Some scenes from the film were shot on location in San Francisco, but the scene where Toschi investigates the Paul Stine murder at the corner of Washington and Cherry Streets couldn’t be used in real life. Perhaps unsurprisingly, the area has changed significantly since the incident in 1969—and local residents weren’t anxious to attract attention while the production recreated a killing in their neighborhood. So Fincher shot the entire six-minute sequence on a soundstage using moveable, bluescreen panels.

San Francisco’s Presidio Heights neighborhood was then composited in final shots using detailed drawings created by production designer Donald Graham Burt, matte paintings, and a series of high definition photographs of the area. The only details in the shot that aren’t CGI are the actors, the taxicab and cars, and the street curbside.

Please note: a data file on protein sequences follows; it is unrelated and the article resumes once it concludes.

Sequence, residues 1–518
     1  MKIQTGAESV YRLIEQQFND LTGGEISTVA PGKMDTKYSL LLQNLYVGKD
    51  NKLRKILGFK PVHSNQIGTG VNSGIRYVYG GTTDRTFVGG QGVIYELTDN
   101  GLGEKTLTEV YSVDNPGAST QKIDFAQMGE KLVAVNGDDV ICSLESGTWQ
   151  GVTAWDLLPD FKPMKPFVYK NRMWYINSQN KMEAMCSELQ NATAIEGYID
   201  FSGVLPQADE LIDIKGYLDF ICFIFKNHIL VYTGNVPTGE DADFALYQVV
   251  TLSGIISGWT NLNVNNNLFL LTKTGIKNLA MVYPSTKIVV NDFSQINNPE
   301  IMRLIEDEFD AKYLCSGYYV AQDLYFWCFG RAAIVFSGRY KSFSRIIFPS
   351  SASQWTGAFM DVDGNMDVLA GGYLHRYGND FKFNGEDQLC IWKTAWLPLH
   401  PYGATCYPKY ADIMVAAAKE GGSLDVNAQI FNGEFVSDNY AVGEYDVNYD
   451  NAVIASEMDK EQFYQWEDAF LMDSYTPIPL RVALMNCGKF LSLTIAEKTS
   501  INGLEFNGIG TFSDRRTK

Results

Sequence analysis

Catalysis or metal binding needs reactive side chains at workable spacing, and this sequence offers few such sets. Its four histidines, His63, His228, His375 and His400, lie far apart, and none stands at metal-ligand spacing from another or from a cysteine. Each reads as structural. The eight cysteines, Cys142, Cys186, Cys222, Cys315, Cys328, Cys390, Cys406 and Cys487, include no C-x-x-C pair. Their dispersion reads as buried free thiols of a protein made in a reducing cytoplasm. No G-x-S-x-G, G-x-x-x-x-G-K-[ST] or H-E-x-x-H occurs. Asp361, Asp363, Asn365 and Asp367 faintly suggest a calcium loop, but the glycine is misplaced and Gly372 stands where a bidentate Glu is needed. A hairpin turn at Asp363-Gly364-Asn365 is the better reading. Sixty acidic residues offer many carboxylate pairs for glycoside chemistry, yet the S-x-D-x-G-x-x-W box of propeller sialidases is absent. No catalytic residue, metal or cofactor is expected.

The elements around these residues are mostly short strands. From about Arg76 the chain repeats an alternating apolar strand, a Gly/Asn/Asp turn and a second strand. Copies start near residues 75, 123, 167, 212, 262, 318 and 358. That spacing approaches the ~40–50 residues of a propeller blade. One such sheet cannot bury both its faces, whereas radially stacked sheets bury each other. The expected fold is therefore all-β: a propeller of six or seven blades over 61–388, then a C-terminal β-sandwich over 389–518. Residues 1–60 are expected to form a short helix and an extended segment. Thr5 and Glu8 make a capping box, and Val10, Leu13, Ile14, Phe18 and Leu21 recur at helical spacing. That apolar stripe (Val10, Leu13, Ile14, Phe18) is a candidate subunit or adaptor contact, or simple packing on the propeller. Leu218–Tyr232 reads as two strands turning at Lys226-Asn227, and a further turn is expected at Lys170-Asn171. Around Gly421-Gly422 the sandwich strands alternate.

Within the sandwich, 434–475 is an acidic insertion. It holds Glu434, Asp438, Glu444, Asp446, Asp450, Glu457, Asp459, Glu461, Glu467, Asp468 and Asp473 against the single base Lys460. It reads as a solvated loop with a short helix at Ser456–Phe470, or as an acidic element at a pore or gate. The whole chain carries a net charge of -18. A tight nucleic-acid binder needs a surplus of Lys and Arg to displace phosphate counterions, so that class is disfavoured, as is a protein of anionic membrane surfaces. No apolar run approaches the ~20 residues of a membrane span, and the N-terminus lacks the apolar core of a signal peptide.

14. TO GET THE LAKE BERRYESSA SHOT JUST RIGHT, THEY HAD TO FLY IN SOME OAK TREES.

Like the corner of Washington and Cherry, the Lake Berryessa location changed over time and had to be retrofitted to look like it did on the day of the attack, specifically the oak trees the Zodiac used to hide behind before he accosted Bryan Hartnell and Cecilia Shephard. But Fincher didn’t use CGI this time.

“When we got there, there was a little spit of land like a little peninsula that jutted out into the water,” Donald Graham Burt explained. “The oak trees the killer hid behind were gone. We had to helicopter in two huge oak trees. We drilled holes in a piece of the land and hauled in some water so they wouldn’t die. We set them up for three or four days before filming knowing they would only have a few days.” Fischer called the trees “an expensive prop.”